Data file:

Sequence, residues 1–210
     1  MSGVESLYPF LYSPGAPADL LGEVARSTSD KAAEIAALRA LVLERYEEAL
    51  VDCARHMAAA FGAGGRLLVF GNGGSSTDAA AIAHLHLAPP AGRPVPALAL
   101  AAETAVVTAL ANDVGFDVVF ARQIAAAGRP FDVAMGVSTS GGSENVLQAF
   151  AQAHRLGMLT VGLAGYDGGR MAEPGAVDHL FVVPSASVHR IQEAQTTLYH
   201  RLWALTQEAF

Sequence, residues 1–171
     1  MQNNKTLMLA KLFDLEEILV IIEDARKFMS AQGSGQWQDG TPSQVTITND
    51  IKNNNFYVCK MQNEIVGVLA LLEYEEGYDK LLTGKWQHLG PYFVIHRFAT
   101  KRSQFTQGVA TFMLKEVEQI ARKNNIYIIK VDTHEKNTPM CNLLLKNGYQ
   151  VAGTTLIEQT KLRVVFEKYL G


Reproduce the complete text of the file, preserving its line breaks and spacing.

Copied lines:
Sequence, residues 1–210
     1  MSGVESLYPF LYSPGAPADL LGEVARSTSD KAAEIAALRA LVLERYEEAL
    51  VDCARHMAAA FGAGGRLLVF GNGGSSTDAA AIAHLHLAPP AGRPVPALAL
   101  AAETAVVTAL ANDVGFDVVF ARQIAAAGRP FDVAMGVSTS GGSENVLQAF
   151  AQAHRLGMLT VGLAGYDGGR MAEPGAVDHL FVVPSASVHR IQEAQTTLYH
   201  RLWALTQEAF

Sequence, residues 1–171
     1  MQNNKTLMLA KLFDLEEILV IIEDARKFMS AQGSGQWQDG TPSQVTITND
    51  IKNNNFYVCK MQNEIVGVLA LLEYEEGYDK LLTGKWQHLG PYFVIHRFAT
   101  KRSQFTQGVA TFMLKEVEQI ARKNNIYIIK VDTHEKNTPM CNLLLKNGYQ
   151  VAGTTLIEQT KLRVVFEKYL G